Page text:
Political Milking Of Sushant’s Death

It is a month since Bollywood actor Sushant Singh Rajput died by suicide but there is no let-up in the controversial and often unsubstantiated revelations which are continuously being aired by television networks on his untimely demise, particularly since the case acquired political overtones.

From an initial discussion on mental health of actors to nepotism in the Hindi film industry and discrimination against outsiders, 34-year-old Rajput’s death has degenerated into an all-out war between the Maharashtra and Bihar governments which are currently led by opposing political coalitions.

It is no coincidence that the Bihar government, led by National Democratic Alliance partners, Janata Dal (U) and the Bharatiya Janata Party, has upped the ante on this case as the state assembly elections are due in a few months. Bihar chief minister Nitish Kumar’s popularity ratings have dipped in recent weeks as the state machinery is unable to cope with the rising cases of coronavirus.

Fighting with his back to the wall, the Rajput case has proved to be a handy diversion for Nitish Kumar who has successfully deflected public attention by decrying the Maharashtra government’s tardy investigation into the death of Bihar’s son Rajput. It helps that the Maharashtra government is headed by his coalition partner BJP’s bete noire Shiv Sena.

It suits the Janata Dal (U) and the BJP to build pressure on the Maharashtra government by keeping up the narrative on Rajput’s “mysterious death”. In Bihar, the two parties have an eye on the Rajput vote, a small but influential community which has been demanding justice for the actor.

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It is not just the JD(U) and the BJP which are eyeing the Rajput vote but opposition parties, including the Rashtriya Janata Dal and the Congress, have also joined the race. The two parties joined the chorus for a probe by the Central Bureau of Investigation when the issue figured in the state assembly when it met recently for a day to discuss the COVID-19 situation in the state.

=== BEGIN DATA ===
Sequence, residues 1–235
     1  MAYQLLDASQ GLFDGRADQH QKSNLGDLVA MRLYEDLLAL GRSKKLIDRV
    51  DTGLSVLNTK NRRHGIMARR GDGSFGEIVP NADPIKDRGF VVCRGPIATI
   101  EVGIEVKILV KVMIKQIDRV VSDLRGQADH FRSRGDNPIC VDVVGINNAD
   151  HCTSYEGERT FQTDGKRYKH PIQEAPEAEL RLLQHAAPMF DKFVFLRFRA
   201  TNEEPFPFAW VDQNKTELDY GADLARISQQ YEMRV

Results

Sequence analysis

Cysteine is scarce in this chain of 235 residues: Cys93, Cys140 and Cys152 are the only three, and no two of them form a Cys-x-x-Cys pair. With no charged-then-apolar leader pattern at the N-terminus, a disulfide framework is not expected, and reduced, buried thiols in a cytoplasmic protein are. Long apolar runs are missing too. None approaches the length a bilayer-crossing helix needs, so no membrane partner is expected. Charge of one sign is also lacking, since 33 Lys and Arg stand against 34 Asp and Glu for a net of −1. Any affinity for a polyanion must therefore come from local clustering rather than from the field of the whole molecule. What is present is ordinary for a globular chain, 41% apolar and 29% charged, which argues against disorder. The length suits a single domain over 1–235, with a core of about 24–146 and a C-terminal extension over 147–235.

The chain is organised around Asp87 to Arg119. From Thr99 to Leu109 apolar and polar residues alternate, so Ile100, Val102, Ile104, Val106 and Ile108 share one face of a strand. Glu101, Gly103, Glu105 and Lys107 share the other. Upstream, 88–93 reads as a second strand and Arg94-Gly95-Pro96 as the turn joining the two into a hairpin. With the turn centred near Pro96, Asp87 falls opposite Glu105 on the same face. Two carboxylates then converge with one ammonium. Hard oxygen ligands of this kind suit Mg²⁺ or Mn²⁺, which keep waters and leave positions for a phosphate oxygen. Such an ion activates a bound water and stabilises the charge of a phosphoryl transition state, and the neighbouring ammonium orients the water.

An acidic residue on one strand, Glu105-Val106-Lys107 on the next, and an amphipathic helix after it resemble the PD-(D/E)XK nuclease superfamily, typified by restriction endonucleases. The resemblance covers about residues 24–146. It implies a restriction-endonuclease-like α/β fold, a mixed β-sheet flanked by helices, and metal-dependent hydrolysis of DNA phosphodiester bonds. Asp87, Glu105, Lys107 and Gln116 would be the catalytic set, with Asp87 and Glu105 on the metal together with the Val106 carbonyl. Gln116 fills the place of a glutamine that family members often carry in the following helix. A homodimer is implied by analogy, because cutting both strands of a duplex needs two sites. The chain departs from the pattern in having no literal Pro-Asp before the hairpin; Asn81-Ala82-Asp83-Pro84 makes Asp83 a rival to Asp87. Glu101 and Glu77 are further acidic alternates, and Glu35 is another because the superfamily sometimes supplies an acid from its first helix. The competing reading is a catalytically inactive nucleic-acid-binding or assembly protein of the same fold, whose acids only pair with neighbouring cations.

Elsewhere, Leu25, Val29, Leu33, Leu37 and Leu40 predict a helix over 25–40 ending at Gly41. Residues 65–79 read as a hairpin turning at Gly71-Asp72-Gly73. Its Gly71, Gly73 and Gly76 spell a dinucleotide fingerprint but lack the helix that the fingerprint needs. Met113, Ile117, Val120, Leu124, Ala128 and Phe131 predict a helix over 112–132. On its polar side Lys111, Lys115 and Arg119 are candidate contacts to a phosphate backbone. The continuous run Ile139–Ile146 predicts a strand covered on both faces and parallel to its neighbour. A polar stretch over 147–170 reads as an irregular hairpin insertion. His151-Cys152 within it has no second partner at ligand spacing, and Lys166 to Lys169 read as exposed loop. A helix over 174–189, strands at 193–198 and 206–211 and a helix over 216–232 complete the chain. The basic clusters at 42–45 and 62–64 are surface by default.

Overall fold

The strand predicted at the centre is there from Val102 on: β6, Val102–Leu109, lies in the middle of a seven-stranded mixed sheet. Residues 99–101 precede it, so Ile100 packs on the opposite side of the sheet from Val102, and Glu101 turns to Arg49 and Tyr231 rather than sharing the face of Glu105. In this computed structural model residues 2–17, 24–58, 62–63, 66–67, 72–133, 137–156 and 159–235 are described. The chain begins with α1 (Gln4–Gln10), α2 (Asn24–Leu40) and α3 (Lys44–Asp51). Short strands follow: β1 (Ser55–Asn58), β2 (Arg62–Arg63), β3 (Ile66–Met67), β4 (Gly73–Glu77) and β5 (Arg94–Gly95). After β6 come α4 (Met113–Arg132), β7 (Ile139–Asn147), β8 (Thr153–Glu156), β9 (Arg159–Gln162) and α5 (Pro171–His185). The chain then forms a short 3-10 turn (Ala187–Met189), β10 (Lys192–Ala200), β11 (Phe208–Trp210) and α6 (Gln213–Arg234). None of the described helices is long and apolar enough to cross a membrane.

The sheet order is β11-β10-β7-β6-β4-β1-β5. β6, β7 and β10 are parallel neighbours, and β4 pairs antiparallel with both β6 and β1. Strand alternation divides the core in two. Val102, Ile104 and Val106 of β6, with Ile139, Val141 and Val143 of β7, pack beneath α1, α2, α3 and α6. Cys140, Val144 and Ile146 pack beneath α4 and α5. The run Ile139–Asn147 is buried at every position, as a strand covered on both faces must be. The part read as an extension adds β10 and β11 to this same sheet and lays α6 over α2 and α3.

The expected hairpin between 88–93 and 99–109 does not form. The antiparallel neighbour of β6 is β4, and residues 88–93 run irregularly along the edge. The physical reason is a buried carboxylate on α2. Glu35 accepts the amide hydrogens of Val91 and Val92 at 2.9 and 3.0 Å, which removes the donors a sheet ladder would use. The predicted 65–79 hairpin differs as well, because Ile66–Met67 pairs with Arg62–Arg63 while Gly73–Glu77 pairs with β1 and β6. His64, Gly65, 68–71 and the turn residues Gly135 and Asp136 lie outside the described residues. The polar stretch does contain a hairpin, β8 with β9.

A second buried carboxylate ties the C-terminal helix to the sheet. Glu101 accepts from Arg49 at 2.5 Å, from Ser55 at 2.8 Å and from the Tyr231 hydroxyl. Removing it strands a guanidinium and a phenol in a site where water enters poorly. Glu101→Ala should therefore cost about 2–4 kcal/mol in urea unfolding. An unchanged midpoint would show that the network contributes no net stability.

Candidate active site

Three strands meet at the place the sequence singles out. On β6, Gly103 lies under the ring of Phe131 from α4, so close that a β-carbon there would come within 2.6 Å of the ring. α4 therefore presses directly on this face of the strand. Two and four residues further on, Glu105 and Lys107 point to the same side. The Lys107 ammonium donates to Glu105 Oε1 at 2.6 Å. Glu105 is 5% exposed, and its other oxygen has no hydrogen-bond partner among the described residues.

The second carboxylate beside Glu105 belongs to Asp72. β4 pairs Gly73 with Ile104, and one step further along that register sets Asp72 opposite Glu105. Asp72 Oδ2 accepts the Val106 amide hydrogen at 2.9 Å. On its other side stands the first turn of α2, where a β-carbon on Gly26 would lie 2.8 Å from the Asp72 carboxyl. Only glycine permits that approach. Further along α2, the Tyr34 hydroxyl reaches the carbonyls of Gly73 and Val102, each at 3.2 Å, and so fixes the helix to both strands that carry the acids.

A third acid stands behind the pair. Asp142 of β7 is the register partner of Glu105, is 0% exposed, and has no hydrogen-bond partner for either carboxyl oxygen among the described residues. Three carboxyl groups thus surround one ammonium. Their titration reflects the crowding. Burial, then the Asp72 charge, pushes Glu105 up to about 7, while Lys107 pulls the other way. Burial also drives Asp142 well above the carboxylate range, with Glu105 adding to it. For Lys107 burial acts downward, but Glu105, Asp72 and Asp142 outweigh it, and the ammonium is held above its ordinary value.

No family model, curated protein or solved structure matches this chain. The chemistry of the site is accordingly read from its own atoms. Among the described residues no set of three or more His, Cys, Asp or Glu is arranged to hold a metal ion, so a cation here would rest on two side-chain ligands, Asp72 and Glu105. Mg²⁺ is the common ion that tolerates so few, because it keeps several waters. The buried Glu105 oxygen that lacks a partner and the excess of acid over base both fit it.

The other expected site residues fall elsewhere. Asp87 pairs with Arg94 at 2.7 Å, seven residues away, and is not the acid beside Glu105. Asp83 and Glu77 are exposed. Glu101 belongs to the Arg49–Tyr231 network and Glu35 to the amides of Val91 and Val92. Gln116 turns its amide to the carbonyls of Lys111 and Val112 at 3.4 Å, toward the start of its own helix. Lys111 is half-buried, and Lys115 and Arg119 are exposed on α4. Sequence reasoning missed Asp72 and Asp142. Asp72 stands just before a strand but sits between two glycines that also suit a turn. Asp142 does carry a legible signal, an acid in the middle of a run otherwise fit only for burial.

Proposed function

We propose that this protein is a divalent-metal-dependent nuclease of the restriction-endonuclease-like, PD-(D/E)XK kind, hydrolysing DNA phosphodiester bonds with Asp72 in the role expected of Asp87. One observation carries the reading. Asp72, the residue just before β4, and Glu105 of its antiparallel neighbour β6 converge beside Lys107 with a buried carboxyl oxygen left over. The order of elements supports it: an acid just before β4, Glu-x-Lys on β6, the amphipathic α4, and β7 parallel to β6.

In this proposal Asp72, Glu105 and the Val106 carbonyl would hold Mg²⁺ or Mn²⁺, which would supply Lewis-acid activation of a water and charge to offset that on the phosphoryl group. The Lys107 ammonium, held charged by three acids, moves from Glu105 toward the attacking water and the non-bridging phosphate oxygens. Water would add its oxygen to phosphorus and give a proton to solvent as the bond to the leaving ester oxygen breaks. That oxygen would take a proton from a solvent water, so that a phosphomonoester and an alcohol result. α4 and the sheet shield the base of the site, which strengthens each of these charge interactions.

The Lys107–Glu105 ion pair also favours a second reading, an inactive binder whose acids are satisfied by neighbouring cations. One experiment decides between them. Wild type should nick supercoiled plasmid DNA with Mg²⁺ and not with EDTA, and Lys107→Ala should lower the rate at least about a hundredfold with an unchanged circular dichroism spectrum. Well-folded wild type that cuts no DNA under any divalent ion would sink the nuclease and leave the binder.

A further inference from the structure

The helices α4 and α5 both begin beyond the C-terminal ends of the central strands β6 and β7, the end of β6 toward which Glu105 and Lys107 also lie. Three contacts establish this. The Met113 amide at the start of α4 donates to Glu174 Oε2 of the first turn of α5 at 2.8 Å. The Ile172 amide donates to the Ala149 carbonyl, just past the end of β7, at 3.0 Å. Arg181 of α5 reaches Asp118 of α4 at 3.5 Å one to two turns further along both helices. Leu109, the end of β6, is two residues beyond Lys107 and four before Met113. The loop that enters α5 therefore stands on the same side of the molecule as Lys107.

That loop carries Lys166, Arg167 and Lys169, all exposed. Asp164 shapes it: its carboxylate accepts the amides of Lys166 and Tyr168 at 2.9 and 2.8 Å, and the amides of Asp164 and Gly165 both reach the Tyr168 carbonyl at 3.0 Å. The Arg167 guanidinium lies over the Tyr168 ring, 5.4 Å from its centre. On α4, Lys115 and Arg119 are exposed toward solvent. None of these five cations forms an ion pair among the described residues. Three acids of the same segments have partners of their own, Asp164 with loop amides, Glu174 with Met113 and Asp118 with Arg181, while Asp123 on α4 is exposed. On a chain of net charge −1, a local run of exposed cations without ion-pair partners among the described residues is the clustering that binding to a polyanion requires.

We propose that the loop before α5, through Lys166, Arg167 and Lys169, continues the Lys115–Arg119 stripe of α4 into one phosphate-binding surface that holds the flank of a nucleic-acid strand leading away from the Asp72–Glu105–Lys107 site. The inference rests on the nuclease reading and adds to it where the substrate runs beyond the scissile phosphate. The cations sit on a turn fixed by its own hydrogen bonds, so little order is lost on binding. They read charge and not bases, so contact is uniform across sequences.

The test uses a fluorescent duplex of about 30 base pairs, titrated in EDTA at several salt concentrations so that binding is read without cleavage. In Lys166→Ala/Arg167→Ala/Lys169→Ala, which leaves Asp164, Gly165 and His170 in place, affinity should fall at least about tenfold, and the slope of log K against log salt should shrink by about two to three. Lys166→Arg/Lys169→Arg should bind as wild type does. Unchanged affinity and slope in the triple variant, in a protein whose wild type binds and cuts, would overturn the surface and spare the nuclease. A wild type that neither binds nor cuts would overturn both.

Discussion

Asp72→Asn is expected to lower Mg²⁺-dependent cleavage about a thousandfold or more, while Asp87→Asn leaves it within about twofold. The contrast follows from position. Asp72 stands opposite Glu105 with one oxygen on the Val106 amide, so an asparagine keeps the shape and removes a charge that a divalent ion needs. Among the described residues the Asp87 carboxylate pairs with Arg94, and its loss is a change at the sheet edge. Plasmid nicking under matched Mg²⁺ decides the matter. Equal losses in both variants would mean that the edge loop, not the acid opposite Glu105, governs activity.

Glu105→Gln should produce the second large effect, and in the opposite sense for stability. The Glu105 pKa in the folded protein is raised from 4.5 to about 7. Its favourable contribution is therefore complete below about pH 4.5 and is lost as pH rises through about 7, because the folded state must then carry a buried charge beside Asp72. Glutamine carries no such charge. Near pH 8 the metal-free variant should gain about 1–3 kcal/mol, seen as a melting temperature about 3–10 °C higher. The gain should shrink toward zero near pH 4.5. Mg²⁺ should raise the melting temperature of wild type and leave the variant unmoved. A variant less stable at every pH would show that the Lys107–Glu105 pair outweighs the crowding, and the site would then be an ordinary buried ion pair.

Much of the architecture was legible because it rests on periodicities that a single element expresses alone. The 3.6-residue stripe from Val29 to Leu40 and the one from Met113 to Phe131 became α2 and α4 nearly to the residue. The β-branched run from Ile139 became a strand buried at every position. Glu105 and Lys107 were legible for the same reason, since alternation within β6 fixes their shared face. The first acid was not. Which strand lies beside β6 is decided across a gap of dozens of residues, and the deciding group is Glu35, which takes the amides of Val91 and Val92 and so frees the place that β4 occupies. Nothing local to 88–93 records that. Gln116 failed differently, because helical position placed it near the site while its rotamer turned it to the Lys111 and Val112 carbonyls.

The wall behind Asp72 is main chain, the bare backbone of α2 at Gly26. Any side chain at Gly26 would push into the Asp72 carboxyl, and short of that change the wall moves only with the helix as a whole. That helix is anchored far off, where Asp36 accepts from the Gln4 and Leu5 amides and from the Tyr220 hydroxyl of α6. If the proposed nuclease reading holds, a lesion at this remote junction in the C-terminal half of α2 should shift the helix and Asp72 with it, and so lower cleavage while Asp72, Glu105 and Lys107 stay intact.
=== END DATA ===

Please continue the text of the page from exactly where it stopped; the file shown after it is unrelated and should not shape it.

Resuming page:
BJP legislator Neeraj Kumar Singh, the actor’s cousin, raised the demand first, drawing instant support from across the political spectrum. Leader of opposition Tejashwi Yadav of the RJD went a step further and proposed that the upcoming film city at Rajgir be named after Rajput while Congress leader Sadanand Singh suggested that the assembly adopt a resolution demanding an inquiry by the Central agency.

If tempers are running high in Bihar, it is no different in Maharashtra. Always on the lookout for issues on which it can discredit the Uddhav Thackeray government, the BJP feels the Rajput case is a potent weapon to mount an effective attack against the chief minister and his son Aditya Thackeray. Former Maharashtra chief minister Narayan Rane and his son Nilesh have been particularly vocal and even suggested that Rajput was murdered. They have demanded that Aditya Thackeray should step down as minister to facilitate a fair probe since his name has figured during the course of a hearing in the Supreme Court.

Finding himself under constant attack, Aditya Thackeray broke his silence to deny his involvement in the case while his Shiv Sena colleagues are putting up a stout defence in his favour. Senior party leader Sanjay Raut, who has been at the forefront in hitting out at the BJP, described its allegations as a “political conspiracy”, aimed at maligning the government because the opposition did not succeed in toppling it.

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Though the controversy regarding Rajput’s death had been simmering since he was found hanging in his Bandra apartment on July 14, it picked up pace after the Bihar police registered a case against the actor’s girlfriend Rhea Chakraborty and others on July 25 following a complaint filed by the dead artist’s father KK Singh. The charges ranged from cheating, abetment to suicide and wrongful confinement.

On cue, the Bihar government dispatched a team of police officers to Mumbai to investigate the case. Furious at this interference, the Maharashtra government retaliated by placing Vinay Tiwari, the leader of the Bihar police squad, under quarantine by citing existing guidelines for containing coronavirus.